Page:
The result is a belief system that supports both the sanctity of life and the right of self defense without an appeal to the reader’s usual logical contexts.
Unclear in this novel is the other “of two schools of thought” to which that the majority of people adhere in their beliefs. I am interested to know if that other school is merely the opposing view that uplifted races should serve their progenitors or if it is a similarly detailed mythology and value system.
In the prologue, Black Knight lays out his vision for the Starshatter series.
“Our modern world is in desperate need of new, heroic legends. Tales that inspire courage before adversity and bestow the reader with hope, two things which are very much needed in these troubling times.”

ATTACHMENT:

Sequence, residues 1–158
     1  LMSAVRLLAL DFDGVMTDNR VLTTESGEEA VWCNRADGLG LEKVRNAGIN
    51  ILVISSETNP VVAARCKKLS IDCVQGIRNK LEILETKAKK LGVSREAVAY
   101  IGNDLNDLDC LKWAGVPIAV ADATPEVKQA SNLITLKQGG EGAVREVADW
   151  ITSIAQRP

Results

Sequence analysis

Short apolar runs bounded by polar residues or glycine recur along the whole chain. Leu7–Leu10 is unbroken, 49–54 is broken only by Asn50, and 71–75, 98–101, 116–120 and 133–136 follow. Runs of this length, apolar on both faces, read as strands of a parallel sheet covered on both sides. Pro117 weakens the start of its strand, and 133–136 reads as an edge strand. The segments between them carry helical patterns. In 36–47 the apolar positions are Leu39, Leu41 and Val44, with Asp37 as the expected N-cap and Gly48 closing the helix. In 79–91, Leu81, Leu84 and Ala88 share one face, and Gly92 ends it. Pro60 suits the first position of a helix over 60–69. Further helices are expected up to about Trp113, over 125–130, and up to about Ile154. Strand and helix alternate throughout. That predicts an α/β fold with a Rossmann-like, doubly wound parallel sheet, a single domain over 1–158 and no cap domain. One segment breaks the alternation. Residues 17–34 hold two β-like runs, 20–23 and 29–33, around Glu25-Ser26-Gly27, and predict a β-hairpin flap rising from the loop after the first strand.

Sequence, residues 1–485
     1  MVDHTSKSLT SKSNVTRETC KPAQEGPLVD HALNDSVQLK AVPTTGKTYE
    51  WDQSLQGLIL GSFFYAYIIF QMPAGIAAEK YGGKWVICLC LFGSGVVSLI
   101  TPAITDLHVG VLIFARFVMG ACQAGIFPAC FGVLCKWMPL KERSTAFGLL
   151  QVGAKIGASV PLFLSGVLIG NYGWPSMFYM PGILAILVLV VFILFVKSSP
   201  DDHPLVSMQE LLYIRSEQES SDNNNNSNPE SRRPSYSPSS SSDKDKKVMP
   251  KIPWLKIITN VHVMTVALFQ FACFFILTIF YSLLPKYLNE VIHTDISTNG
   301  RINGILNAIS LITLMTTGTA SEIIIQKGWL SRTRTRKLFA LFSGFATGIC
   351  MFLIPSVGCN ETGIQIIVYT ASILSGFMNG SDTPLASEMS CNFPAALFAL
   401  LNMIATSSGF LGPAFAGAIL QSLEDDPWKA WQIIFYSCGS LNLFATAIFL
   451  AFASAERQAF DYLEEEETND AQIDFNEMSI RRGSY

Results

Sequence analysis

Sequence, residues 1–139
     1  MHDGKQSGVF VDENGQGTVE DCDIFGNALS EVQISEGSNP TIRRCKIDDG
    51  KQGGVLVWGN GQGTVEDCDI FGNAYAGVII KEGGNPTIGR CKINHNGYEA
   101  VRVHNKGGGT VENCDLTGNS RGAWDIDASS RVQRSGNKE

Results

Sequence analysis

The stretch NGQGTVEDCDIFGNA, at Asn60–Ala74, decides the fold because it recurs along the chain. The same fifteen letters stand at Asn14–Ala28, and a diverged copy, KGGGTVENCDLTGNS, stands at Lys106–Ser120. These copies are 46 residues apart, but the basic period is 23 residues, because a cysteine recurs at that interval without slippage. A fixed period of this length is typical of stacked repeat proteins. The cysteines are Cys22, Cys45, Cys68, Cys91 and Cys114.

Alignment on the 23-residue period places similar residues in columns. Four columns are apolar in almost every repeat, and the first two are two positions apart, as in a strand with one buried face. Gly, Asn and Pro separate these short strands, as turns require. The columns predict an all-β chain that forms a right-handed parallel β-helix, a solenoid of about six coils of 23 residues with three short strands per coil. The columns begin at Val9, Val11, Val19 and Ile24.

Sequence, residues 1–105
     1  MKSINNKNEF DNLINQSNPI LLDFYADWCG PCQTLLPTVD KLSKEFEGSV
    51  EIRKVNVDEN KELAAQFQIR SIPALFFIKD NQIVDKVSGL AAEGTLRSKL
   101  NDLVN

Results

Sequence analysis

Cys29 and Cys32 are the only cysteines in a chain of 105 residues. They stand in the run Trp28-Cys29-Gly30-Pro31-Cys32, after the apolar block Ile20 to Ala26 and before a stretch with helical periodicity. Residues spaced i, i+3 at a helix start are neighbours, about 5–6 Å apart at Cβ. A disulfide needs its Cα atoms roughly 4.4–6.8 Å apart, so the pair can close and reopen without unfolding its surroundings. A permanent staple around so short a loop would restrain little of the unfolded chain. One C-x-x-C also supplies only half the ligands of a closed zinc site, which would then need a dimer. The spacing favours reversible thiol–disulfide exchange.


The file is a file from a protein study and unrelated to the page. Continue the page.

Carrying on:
These stories certainly highlight bravery, heroism, and resisting oppression. But I hesitate to attribute them with any galvanizing effects.
Humanity is driven nearly to extinction by their reluctance to compromise. Characters seem to fight out of a desire to cause their enemy as big a headache as possible. Perhaps sticking in the craw of the evil-doer is enough to motivate some, but I found myself looking for a deeper value that would produce the death-before-surrender sentiment that defines the heroes of this book.
It seems to me to demand something with a more detailed concept of justice and particularly an objective morality with lasting consequences beyond the individual than the Universalists provide.
Check Out Starshatter!
Starshatter is a compelling story of heroic determination in a well-crafted space opera setting. I am eager to see where the rest of the series takes these characters!